Tuesday, April 28, 2009

Climbing a Second Mountain

Coming to Africa, I prepared myself for many things. I packed my bags. I obtained the necessary documentation. I was ready to leave home, to leave all the people, culture, language, and surroundings I have come to know. I was ready to try new things and meet new people. I was ready to do something, and possibly the first thing, completely on my own. I was ready to climb a mountain. Yet, there is one thing I completely forgot to prepare myself for, and without a doubt it has been the hardest thing I have had to do in the past two and a half months: saying goodbye.

I don’t mean saying goodbye to the things I have grown accustom to back home, but as in goodbye to the people that have become my family here. Because everyone here is out of their element, living in a world completely alien to what would be considered normal in our lives, we are quickly unified. The volunteers share many of the same desires, life goals, philosophies, and of course, water bottles. Within the first couple days here, boundaries are broken and relationships are formed. Even though we may have met only weeks ago, bonds are formed in an uncommon way. These are the people you live with, eat with, talk with, cry with, laugh with, and miss home with. One could describe the relationship here as friendship, but, truly, family is a better adjective.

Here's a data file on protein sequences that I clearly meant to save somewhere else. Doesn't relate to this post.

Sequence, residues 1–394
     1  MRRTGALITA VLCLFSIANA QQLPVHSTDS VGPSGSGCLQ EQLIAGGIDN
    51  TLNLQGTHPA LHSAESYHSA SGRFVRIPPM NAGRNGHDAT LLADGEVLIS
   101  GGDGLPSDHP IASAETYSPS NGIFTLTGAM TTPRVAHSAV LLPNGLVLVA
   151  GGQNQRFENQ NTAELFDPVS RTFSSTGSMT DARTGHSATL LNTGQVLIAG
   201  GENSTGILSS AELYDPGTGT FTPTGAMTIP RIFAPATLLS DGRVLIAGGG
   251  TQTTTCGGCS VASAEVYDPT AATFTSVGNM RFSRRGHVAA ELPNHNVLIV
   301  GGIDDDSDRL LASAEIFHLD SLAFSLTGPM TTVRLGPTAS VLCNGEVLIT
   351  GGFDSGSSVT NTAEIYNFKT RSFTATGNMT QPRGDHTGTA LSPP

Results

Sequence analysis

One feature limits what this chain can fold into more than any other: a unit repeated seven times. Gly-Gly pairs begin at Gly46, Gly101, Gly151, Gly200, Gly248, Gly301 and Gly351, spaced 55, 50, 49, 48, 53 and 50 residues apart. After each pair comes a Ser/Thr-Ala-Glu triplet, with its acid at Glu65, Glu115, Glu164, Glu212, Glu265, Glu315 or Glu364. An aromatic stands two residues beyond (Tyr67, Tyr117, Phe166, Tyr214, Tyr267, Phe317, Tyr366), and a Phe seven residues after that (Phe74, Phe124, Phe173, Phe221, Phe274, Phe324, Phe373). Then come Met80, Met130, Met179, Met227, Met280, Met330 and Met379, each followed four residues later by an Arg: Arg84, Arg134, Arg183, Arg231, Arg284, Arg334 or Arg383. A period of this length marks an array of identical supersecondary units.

The sad thing about building such familial relationships is that, unlike your family at home, this family is short lived. There are a few people I will likely see at some point in the future, after we go our separate ways here, yet, there are many who I will likely never see again.

Many volunteers have come and gone since my arrival. I’ve said goodbye to my two mamas, and to several others who I will always remember. Yet, thus far, the goodbyes have been spaced out - two one weekend, one the next ect. However sad it may have been, it was manageable. This weekend was the hardest goodbye I have ever had to deal with. 10 members of the CCS family went home, including those I have become the closest with. I know that there are those I will see again, some even this summer, but it is different here now. The dynamic of CCS has changed. There is an emptiness felt at the meal table. We are few now. And although we will continue to build these relationships with the new volunteers who have arrived, the relationships made previously will not be forgotten.

Goodbyes are hard, yet there is something you can draw from all of them. As one of us here was told in comfort, “There are those who are in your life for a long time, and there are those who are in your life for a short time, but it is the impact they make on you that is significant.” Even though some of the people I have met here were only in my life for three weeks, they have made an enormous impact me, and for that I am thankful.